It was too bad that "Q.L." got canceled. I've read many other reviews here that say that it should be a movie. Seeing that Scott Bakula is now doing the sci-fi "Enterprise", he would be well-groomed for that transition. I wonder if D. Stockwell would be game. I'm sure he would.
By the number of reviews that have been submitted, and the addition of reviews that I'm sure will be added in the coming years, will certainly show that this show is missed, and will be enjoyed forever in their reruns.
Could you ever imagine leaping from time period to time period, into
else's body, living their life and changing history? Sounds like the plot
for a really cool movie, right? Well, it's actually a weekly
Scott Bakula stars as Dr. Sam Beckett, whose time machine isn't quite ready yet. Every week, Sam is transported to a new time period and lives as a different person for a day, awaking as a new person with amnesia. He must change history in order to make another "leap"--each leap closer to the one that will take him home again.
We get to hear Sam's inner thoughts on his situation, and his friend Al shows up rather conveniently in hologram form (Sam and the audience can see him, but the people around him can't, making conversations with his "invisible" friend seem awkward at best). At the beginning of each episode, Sam looks into a mirror, which shows him the man, woman, child, or even animal (yes, animal) he is. Every week, he coins his phrase "Oh boy," and then we go to the opening credits. Each episode offers a "sneak peek" as to where Sam will be next (He leaps at the conclusion of each episode, ensuring the audience that they'll be back next week (or in ou case now, back tomorrow for the next rerun.) However, there is one problem: If you miss the end of the previous episode, you must watch the absolute beginning, or the episode will make no sense to you whatsoever.
I began watching this show only several days ago, and I was immediately hooked. Bakula is fabulous as Sam Beckett, who just wants to take the leap to get back home. Bakula embodies every quality of an unlikely hero as Beckett, changing history and paving a better future.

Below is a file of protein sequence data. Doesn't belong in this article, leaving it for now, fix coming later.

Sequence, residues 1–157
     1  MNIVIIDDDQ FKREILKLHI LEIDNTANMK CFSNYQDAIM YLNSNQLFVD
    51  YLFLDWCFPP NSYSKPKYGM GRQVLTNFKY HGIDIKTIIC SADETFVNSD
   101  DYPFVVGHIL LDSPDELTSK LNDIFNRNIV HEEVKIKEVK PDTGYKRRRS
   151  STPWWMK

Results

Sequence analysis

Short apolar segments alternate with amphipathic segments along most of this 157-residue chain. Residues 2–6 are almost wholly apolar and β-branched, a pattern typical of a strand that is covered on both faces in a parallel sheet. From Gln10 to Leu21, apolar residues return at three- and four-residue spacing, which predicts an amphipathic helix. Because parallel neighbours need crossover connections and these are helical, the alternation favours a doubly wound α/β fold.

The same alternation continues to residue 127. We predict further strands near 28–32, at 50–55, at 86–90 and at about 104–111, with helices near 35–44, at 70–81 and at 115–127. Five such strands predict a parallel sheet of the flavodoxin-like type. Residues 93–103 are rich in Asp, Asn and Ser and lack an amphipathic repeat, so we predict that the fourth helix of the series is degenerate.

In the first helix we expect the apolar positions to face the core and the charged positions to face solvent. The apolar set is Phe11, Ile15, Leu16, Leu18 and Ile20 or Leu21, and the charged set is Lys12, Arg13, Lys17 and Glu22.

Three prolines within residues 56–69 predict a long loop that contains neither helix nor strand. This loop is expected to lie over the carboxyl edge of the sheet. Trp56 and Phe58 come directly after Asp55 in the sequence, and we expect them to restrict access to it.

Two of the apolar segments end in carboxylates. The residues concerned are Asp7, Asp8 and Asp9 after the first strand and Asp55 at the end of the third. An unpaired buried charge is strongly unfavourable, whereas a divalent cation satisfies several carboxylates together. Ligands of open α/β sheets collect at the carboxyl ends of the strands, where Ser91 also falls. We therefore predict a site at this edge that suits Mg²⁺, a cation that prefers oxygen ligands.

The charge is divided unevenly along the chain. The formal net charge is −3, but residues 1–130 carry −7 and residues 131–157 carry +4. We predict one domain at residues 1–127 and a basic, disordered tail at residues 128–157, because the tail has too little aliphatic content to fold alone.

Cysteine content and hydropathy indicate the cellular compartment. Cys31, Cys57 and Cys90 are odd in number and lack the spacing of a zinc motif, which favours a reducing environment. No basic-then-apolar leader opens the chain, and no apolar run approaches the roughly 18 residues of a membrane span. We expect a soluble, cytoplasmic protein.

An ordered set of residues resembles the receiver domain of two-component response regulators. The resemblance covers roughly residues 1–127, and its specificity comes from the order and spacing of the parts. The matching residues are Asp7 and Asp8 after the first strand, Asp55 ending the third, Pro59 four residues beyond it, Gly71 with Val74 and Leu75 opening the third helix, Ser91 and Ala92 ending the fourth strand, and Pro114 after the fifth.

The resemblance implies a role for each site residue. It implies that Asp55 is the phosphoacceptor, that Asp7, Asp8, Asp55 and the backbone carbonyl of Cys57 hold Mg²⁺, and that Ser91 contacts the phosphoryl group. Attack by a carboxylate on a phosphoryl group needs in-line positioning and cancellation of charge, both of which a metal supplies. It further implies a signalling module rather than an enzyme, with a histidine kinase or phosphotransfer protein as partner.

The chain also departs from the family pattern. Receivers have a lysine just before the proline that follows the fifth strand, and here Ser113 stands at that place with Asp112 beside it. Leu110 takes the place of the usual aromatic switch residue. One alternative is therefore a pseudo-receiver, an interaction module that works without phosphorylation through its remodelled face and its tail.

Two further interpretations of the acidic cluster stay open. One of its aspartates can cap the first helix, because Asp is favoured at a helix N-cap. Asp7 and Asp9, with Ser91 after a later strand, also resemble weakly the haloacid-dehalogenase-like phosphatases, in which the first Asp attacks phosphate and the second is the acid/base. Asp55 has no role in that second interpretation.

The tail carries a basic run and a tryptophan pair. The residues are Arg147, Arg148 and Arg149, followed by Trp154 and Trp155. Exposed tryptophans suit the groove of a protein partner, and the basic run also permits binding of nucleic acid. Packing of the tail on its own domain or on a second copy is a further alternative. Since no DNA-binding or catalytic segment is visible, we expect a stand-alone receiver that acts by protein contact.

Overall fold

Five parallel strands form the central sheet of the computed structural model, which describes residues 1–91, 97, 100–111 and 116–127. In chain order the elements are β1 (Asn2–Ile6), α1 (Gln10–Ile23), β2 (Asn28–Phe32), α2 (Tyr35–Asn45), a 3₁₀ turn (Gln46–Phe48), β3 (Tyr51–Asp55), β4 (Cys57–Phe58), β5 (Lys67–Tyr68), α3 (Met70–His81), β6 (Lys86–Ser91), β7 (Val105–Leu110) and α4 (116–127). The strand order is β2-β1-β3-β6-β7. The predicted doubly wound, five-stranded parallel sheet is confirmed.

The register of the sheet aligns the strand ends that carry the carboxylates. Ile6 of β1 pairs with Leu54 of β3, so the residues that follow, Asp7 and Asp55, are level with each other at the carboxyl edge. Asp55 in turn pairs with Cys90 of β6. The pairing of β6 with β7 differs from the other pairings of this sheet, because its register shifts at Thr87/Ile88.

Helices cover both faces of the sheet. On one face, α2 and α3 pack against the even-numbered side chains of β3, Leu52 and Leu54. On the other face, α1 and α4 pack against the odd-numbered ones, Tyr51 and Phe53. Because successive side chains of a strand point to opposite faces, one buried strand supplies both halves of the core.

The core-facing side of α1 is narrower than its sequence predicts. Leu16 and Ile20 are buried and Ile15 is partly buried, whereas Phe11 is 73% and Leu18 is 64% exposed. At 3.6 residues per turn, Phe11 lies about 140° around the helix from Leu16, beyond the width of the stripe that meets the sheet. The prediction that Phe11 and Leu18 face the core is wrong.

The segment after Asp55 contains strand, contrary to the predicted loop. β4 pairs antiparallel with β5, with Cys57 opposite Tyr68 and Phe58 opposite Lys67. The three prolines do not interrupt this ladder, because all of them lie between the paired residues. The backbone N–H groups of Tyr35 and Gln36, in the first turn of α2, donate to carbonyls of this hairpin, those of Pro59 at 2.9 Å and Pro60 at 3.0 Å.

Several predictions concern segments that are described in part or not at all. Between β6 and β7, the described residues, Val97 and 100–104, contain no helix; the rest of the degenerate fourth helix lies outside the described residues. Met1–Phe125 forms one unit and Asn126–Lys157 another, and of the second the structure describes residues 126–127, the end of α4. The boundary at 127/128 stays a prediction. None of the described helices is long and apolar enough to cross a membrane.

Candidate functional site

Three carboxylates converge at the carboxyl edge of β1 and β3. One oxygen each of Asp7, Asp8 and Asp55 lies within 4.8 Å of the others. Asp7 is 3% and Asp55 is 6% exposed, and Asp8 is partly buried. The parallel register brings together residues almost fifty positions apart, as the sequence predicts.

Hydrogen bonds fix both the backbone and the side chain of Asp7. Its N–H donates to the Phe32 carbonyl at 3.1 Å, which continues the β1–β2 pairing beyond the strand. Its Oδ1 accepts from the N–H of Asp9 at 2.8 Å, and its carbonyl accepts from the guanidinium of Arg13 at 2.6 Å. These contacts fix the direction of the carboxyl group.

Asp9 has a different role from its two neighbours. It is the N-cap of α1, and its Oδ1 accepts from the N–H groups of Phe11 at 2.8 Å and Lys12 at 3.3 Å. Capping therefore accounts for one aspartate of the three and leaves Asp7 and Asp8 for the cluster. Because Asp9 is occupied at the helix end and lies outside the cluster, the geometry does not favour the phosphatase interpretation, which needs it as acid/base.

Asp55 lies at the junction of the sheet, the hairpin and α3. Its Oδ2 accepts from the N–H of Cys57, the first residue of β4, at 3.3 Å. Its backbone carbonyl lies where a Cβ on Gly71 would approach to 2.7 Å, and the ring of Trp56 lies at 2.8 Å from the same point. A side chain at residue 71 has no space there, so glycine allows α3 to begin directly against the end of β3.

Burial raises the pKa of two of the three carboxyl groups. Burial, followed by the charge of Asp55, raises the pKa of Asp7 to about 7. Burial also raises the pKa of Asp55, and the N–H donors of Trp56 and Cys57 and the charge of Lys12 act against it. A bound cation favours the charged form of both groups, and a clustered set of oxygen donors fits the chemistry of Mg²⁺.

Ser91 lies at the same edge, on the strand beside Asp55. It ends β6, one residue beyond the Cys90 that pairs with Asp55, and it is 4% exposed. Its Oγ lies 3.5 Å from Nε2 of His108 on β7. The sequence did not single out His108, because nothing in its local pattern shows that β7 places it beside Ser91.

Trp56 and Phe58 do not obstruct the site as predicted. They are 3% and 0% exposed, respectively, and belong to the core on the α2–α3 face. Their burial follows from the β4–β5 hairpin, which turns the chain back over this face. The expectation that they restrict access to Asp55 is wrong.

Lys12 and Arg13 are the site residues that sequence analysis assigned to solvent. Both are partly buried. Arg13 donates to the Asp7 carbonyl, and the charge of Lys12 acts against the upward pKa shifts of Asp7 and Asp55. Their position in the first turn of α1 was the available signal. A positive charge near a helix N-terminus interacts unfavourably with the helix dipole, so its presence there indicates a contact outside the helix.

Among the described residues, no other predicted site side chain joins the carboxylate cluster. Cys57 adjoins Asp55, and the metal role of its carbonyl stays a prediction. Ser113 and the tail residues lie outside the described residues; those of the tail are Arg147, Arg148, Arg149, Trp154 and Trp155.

This is an amazing and imaginitive show for anyone interested in the "body switching" genre, science fiction, or fantasy. Watch this show, you will never be disappointed!
"Quantum Leap" is a fantastic show that has seemed to grow up with me. I
loved watching it when it first came on, I remember being addicted to it
when it was on USA, and now that it's on Sci-Fi, I've become hooked once
again. Sam Beckett is my all-time favorite television hero, probably my
all-time favorite hero, as well. He has a wonderful Jimmy Stewart quality
about in him this show, but what I find the most appealing about his
character is how he tries to help everyone he comes in contact with. That's
the kind of hero I look up to, the everyday man who just tries to do good
and Scott Bakula pulls this role off with style and restraint. Dean
Stockwell is perfect as Sam's sidekick, Al Calavicci, who acts as his
Stockwell is energetic enough to make his presence both enjoyable to watch
and onw who we anticipate his arrival.
I would love to see this made into a movie and would enjoy watching how it would be pulled off, whether it would follow one leap or many leaps that seem to be connected like in "Trilogy." If not a movie, then a revived television series. Whatever happenes, I will continue to watch the show and await the moment when it is announced that episodes will be released on DVD. That would be really interesting to see. "Quantum Leap" has found a special place in my heart and is one of my all-time favorite television shows. In fact, it's made such an impact on me, I found myself replacing expletives with "Oh boy."
Luckily, if you haven't seen this show, you can still catch it on the Sci-Fi
channel. Dean Stockwell is the comedic Ladies Man of the show, and Scott
Bakula is the Intelligent "Leaper" who leaps into other people's bodies to
prevent deaths, and other disastrous events in people's lives, to "put right
what once went wrong". The show has Suspense, occasional Horror, and great
Science Fiction to it. Even if you don't like Science fiction, Dean
Stockwell and Scott Bakula make this worth watching (Like Arnold made The
Terminator an instant classic)
This is a great show to get into daily, with the end of each "Leap" you see him leaping into the next person, so you know what tommorrow will bring. This show has lots of Guest Appearances also. Check it out sometime on the Sci-Fi channel.